Danilo (a message for El Persa)

Date: Thu, 21 Jun 2012 11:27:07 +0200
Subject: Re: Danilo

Hi, Pepe!

I must have lent the postal ball huller to someone, because I cannot find it. I have no other choice but to write to you using the cold method of the e-mail, although communicating with you through any means, including telepathy, has always been easy. Well, the question is this: I have to meet some friends for a reason you already know and I was thinking of reading something of yours.

I have been searching through the hundreds of e-mails we exchanged during the four or five years we played at making the book The Unknown El Persa, and found something that could do. I loved and am happy to remember that section we titled ‘Say it in PPB’, in which some friends sent you questions about the most diverse matters and you replied with the utmost discipline as if you were a Zen master or a kind neighbourhood ironmonger, or as both at the same time. I remember how much fun you had trying to find an answer to each question and how you decided to reply by always saying true things: out of respect for the readers, of course, but also for the pleasure of overcoming an added difficulty.

One of those questions was left out of the book due to space limitations. It read as follows:

The question:
‘Dear Pepe, I was going to ask you about the chewing mask, a project that has always intrigued me. However, when I was about to press the button to send the message, a very pretty green parrot with a yellowish orange head came in through the window, and I have no idea how to get it out or what to do with it. It will not stop looking at me. Please, tell me what you can think of. Danilo.’

Your answer:
‘My dear friend Danilo, I seem to recall that, while I was working on the chewing mask in Barcelona, a beautiful and intelligent parrot I had adopted was dying of sadness in Valencia due to my absence, even though it was very well looked after. Back then I knew little of Psittacids, but Salvador Llamas, an ornithologist friend, brought to my attention the delicate and intense feelings of these little animals. If the parrot has chosen you, there is nothing you can do about it: it will seduce you with its charms and you will not be able to get rid of it; in turn, it will gift you with a sincere, lasting friendship as immense as some of its great-great-grandparents, the dinosaurs. I have sent you detailed instructions in another e-mail.’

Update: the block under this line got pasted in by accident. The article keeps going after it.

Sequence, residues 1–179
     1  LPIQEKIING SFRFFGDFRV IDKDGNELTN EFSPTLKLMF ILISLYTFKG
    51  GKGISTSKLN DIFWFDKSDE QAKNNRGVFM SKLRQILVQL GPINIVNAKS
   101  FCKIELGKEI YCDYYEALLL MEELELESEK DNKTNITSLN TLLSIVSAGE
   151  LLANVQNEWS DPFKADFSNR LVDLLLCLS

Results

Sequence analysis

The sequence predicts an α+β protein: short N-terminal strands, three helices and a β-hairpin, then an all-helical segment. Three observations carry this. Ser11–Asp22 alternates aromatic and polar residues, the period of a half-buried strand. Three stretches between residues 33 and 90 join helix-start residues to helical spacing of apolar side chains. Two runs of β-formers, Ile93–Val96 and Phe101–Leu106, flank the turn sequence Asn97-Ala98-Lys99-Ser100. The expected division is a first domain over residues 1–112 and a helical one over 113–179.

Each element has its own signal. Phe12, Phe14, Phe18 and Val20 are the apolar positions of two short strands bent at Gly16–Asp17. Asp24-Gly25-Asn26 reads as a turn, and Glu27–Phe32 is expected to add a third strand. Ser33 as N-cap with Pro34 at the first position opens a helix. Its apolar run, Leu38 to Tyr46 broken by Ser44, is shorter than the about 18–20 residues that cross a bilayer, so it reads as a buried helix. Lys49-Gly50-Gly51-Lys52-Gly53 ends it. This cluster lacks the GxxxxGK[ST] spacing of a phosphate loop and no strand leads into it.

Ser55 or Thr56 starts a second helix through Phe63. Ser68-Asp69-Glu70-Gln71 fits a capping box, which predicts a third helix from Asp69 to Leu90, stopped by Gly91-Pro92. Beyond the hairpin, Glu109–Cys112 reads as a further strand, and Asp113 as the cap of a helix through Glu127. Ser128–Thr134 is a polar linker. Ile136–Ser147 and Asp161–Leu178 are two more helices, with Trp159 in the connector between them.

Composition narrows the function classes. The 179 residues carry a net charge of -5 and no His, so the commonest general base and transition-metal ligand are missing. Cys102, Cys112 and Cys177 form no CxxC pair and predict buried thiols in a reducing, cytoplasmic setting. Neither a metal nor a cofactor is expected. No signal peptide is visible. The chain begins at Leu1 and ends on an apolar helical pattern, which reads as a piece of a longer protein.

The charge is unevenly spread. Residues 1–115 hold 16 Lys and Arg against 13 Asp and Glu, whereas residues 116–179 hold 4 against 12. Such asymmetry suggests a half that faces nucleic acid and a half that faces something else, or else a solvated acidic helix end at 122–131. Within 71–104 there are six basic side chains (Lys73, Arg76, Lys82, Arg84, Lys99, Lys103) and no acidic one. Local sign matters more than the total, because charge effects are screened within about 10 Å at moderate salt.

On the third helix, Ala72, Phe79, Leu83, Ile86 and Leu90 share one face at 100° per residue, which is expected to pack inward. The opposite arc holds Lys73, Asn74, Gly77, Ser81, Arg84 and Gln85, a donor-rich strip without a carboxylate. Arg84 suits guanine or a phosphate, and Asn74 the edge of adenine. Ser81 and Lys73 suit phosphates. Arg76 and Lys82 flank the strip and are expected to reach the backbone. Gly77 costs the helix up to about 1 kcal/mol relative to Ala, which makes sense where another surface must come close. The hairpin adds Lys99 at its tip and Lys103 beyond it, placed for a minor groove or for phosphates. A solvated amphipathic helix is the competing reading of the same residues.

Pepe, I do not know if this text is appropriate. In case it is not, I have also found something else. The final paragraph of a biography you wrote, which says:

‘He lived what could be considered a full life: he started a family, became rich and famous and sailed the seas and oceans aboard his yachts. But he always thought of himself as the most unknown of men. Fortunately, he has left a way for us to get to know him; from his point of view, the best of all: by reading his stories.’

It is not you, but Jules Verne. But it could be you if we changed a few nuances: instead of ‘yacht’ we could say ‘lute’, etc.

I remember Verne’s alleged last words. You have passed them on to your friends as the best advice that could be given. Sometimes without speaking you would repeat them in your wise mischievous eyes. The words were these: ‘Be good’.


Vicente Ferrer

Text read at the meeting were us friends said goodbye to Pepe Cardona El Persa, who passed away on 19 June 2012 in Valencia. In the image: one of the two sides of the cutout El Persa made of a parrot.